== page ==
Affinities of Sp1 binding elements to nuclear proteins prepared from rat C6 glioma cells. Gel mobility shift assay was carried out as described in the text using the radio-labeled wild-type oligonucleotide probe (Sp1AB) and the unlabeled competitor oligomucleotides (Sp1AB, Sp1A, Sp1B, and Sp1mutA) listed in Table 1. The DNA-protein complex formation was visualized and analyzed by a computer-assisted densitometry using the NIH Image 1.52 software. a Sequence of oligonucleotides used in the gel mobility shift assay. b Autoradiographic visualization of the DNA-protein complex. c Regression analysis of the correlation between the signal intensities and the competitor concentrations

The Sp family of zinc finger transcription factors is known to consist of four members, Sp1, Sp2, Sp3, and Sp4, and they have a highly conserved DNA-binding domain, which can bind to the consensus sequence of GGGGCGGGGC and the closely related sequences named the GC boxes. Then, to identify the Sp protein binding to the Sp1 consensus elements at −186 and −167 bp on the 5α-R promoter, the radio-labeled oligonucleotide probes containing the Sp1AB, Sp1A, or Sp1B consensus elements were incubated with the nuclear extracts of rat C6 glioma cells in the presence and absence of the specific antibodies against each Sp proteins, and the formation of DNA-protein complex was analyzed by a gel mobility shift assay. As shown in Fig. 5, several DNA-protein complexes were similarly formed from these probes and the nuclear extracts, and the major DNA-protein complex was supershifted by including anti-Sp1 and anti-Sp3 antibodies, but not anti-Sp2 and anti-Sp4 antibodies, in the reaction mixture. These results were considered to provide evidence for proposing both Sp1 and Sp3 as transcription factors expressed in rat C6 glioma cells and being responsible for the high basal activity of the 5α-R promoter observed in these cells.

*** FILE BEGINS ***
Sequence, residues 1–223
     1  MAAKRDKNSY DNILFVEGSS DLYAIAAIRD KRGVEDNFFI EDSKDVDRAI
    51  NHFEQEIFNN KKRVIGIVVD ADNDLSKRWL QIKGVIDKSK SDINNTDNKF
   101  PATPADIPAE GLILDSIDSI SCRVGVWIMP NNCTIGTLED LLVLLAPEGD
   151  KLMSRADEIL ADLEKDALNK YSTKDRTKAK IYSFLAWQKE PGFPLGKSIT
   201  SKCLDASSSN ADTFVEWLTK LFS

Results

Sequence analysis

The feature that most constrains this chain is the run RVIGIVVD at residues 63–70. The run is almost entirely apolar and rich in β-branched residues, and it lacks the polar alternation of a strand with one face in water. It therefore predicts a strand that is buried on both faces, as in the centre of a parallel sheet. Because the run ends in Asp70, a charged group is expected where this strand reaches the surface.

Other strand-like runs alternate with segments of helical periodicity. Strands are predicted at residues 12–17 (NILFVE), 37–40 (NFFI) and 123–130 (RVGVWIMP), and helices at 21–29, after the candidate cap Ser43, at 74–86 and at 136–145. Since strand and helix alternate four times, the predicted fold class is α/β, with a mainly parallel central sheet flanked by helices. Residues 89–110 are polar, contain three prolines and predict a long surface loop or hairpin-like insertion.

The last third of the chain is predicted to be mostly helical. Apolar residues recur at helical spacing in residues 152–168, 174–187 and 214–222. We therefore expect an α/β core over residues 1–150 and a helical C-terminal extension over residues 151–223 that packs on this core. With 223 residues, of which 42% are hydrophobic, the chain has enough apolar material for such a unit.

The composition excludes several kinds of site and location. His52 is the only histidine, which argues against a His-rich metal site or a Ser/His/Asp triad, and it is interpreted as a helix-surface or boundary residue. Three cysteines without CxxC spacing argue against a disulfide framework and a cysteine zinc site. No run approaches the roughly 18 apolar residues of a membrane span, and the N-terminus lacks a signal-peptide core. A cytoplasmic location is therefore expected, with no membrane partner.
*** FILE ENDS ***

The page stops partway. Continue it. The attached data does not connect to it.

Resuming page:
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Figure 5

Effects of antibodies against Sp family proteins on the DNA-protein complex formation. Gel mobility shift assay was carried out using the nuclear extracts prepared from rat C6 glioma cells and the radio-labeled oligonucleotide probes containing the Sp1A element, Sp1B element, and both of them in the presence of specific antibodies against Sp1, Sp2, Sp3, and Sp4 proteins as described in the text

To address the question whether the stimulatory action of TSA on the 5α-R promoter activity was observed within the cells, the glioma cells were transfected with the construct pGL3RA250 and exposed to various concentrations of TSA for different time periods. As shown in Fig. 6, the 5α-R promoter activity was elevated by low concentrations of TSA (up to 12.5 ng/ml) and then suppressed by increasing the drug concentration up to 200 ng/ml (Fig. 6a). Also, the stimulatory action of TSA on the promoter activity was observed in a manner dependent on the time of drug treatment (Fig. 6b). Furthermore, to elucidate the molecular mechanism of TSA-stimulated 5α-R gene expression, the transcription factor Sp1 and Sp3 levels in rat C6 glioma cells was examined by a gel mobility shift assay using the Sp1A and Sp1B oligonucleotide probes. As shown in Fig. 7a, the exposure of the glioma cells to TSA enhanced the nuclear protein binding to both Sp1A and Sp1B consensus elements, and the enhancement of the DNA-protein complex formation reached the maximum levels by exposing these cells to the drug for 1 h, then declining toward the basal levels by exposing to the drug for 3 h or longer periods. Moreover, the DNA-protein complexes consisting of the Sp1 consensus element and the nuclear extracts prepared from both non-treated and TSA-treated cells were supershifted by adding anti-Sp1 and anti-Sp3 antibodies, but not anti-Sp2 and anti-Sp4 antibodies, to the binding reaction mixture (Fig. 7b). In addition, TSA treatment significantly enhanced the expression of Sp1 and Sp3 proteins in a time-dependent manner (Fig. 7c). Consequently, these results were considered to provide evidence that TSA treatment might induce the expression of Sp1 and Sp3 transcription factors and/or enhance their binding affinities to the Sp1 consensus element on the 5α-R promoter, resulting in the activation of 5α-R gene transcription in the glioma cells.
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Figure 6

Effect of trichostatin A (TSA) on 5α-R promoter-driven luciferase expression in rat C6 glioma cells. Cells were transfected with the 5α-R promoter-luciferase reporter gene construct pGL3RA250. a Transfected cells were exposed to various concentrations of TSA for 9 h. b Transfected cells were exposed to 6.3 ng/ml of TSA for different time periods. Luciferase activities in the cell extracts were then determined as described in the text. Results were expressed as the ratio to the basal levels. Values are the mean ± SE (*P < 0.05, n = 9)

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Figure 7